Toward Sustainable Workforce Pathways
Community Development’s June regional workforce development forum is part of an ongoing effort to address labor and workforce issues in Northeast Ohio.
On June 1, the Cleveland Fed together with workforce investment boards (WIBs) that represent Ashtabula, Cleveland–Cuyahoga, Geauga, Lake, Lorain, Medina, Portage, and Summit Counties convened some 230 professionals for a 1-day forum on the region’s key workforce issues, including skills gaps, jobs in demand, and economic inclusion.
Cleveland Mayor Frank Jackson welcomed the group, joining Cuyahoga County Executive Armond Budish and the Department of Labor’s Christine Quinn, both of whom also spoke. Each leader’s comments underscored the importance and value to the region of successful workforce development efforts. “Too many talented people in the community are chronically underemployed,” noted Budish, adding, “We need multiple, sustainable pathways to connect employers and residents.”
A key aim of the forum was gathering input for an overarching plan to address workforce challenges across Northeast Ohio. Under the Workforce Innovation and Opportunity Act (WIOA), enacted in 2015, the region’s WIBs have an obligation to create a unified regional plan to complement plans at the state and local levels.
“With so many stakeholders engaged in some component of workforce development—from educational institutions training students and employers seeking skilled workers to nonprofits that support individuals looking for jobs, the WIBs, and funders—it can be difficult to get a comprehensive view of what’s occurring in our region, let alone ensure that these efforts are coordinated in a meaningful way,” noted Mary Helen Petrus, assistant vice president of the Community Development Department at the Cleveland Fed. “This forum allowed leaders of the WIBs and their consultants to gather the invested parties together, present them with a quantitative look at the region’s challenges, and elicit feedback through small-group discussions about the issues and how best to move forward.”
At the forum, Mark Schweitzer, senior vice president of the Cleveland Fed’s External Outreach and Regional Analytics Department, moderated the opening panels that examined inclusive economic development and provided an economic and labor analysis of the region. One participant, Joel Elvery, a Cleveland Fed economist, presented a new strategy to ensure regional prosperity.
Breakout sessions engaged participants in discussions on a number of topics, including employers’ needs and concerns, incumbent-worker training, the relationship between employers and the region’s institutions of higher education, and developing a youth skills-development pipeline. One particular set of questions focused on individuals who are being excluded from sustainable-wage employment. For what reasons might they be left out—education or skills deficiencies, disabilities, drug use, or felony convictions—and what actions are needed to bring these individuals and awareness of their needs back into the conversation? One recurring lament of those assembled concerned the limited employer participation in the forum. While several offered their perspectives as speakers, there were very few employers in attendance overall. Employers’ input, several noted, is vital to assessing accurately the needs of the region’s workforce.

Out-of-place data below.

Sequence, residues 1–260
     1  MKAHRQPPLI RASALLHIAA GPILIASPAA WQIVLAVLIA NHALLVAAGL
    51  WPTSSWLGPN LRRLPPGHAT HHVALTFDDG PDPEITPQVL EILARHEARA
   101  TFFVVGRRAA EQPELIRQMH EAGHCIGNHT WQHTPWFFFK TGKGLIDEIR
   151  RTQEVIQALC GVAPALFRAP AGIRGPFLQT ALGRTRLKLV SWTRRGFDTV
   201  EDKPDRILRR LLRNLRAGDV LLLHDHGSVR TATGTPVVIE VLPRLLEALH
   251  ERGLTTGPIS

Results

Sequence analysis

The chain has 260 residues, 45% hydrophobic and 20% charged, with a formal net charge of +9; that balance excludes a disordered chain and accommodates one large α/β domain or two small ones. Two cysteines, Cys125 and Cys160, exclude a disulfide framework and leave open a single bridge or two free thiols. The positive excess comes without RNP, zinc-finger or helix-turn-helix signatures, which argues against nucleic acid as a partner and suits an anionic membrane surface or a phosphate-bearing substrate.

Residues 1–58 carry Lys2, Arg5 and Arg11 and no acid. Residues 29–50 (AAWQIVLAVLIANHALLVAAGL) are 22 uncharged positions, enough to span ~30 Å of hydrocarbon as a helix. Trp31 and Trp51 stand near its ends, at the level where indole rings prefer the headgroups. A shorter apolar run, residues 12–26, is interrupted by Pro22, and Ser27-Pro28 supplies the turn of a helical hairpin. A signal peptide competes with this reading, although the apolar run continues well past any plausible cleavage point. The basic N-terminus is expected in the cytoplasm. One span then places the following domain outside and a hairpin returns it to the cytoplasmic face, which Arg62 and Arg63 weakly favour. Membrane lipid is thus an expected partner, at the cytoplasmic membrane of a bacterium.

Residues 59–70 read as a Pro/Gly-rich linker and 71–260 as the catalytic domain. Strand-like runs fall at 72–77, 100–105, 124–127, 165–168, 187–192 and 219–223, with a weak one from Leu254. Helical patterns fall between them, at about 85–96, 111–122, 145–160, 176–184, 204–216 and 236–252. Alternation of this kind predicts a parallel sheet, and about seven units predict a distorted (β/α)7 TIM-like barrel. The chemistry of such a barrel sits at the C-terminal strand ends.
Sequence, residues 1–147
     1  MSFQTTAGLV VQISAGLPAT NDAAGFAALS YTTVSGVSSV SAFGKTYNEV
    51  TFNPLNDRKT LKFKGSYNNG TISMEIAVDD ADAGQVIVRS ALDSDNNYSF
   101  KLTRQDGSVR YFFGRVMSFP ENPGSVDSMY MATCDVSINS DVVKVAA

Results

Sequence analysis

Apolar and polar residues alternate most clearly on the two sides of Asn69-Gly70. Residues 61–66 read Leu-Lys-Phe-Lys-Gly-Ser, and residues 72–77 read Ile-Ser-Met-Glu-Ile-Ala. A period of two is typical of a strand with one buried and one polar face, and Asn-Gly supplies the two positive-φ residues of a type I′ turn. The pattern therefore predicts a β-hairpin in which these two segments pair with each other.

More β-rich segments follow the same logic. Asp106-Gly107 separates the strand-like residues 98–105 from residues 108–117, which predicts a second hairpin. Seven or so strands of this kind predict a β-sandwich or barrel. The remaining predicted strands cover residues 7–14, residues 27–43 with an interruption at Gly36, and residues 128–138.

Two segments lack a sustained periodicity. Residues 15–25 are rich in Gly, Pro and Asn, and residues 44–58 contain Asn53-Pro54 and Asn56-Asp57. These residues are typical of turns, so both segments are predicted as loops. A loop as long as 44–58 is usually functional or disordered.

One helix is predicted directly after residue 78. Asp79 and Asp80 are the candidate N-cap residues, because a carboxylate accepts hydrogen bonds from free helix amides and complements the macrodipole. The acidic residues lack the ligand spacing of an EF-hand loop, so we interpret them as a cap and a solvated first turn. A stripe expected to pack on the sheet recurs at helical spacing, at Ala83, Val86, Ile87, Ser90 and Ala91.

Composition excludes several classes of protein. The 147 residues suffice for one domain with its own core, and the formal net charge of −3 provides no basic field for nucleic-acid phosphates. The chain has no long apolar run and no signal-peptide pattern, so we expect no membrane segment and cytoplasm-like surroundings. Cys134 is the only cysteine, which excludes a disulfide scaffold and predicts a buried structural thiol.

A final session elicited attendees’ input on a regional plan for Northeast Ohio. Participants weighed in on consultants’ questions regarding the importance of developing a regional plan, using data to best inform workforce development policy, determining key sectors on which to focus in the region, and creating strategies to measure progress and success.
What are some of the reasons for developing a regional plan? Job access is one place to start.
Consultant Jim Shanahan, hired by the WIBs to help develop a plan for Northeast Ohio, asked the audience to consider several statistics concerning job access. “Fifty-three percent of all jobs in the 8-county region are located in Cuyahoga County. Just 44 percent of all workers live within reasonable access to public transportation. And in 3 of the counties—Portage, Geauga, and Lorain—almost half the residents work outside their counties,” he stated. “That’s a pretty good argument for regional cooperation.”
In the wake of the Great Recession, community leaders in the Fourth District have repeatedly ranked jobs as their number-1 concern. In survey responses, they noted that employers have challenges finding employees with the required technical and soft skills to fill open positions at their firms, while jobseekers and the training, academic, and support organizations that provide workforce development services to them pointed to underemployment, lack of transportation access, and non-inclusive hiring practices among the impediments to jobseekers’ gaining full and sustainable employment.
Next steps include the consultants’ sharing their collective notes from and analysis of the breakout discussions from the forum. The regional plan is due to the State of Ohio by September 29, 2016.
Sum and substance: Workforce investment board members and representatives of the Cleveland Fed gathered at a forum in June to offer their input for a plan to address workforce challenges across Northeast Ohio.
The Cleveland Fed’s Community Development Department focuses in part on workforce development issues across the Fourth District. See, for example, Opportunity Occupations in Ohio: Identification, Online Postings, and Employer Education Preferences, “The Prospects of Non-College-Bound Workers in the Fourth District,” and “A Long Ride to Work: Job Access and Public Transportation in Northeast Ohio.”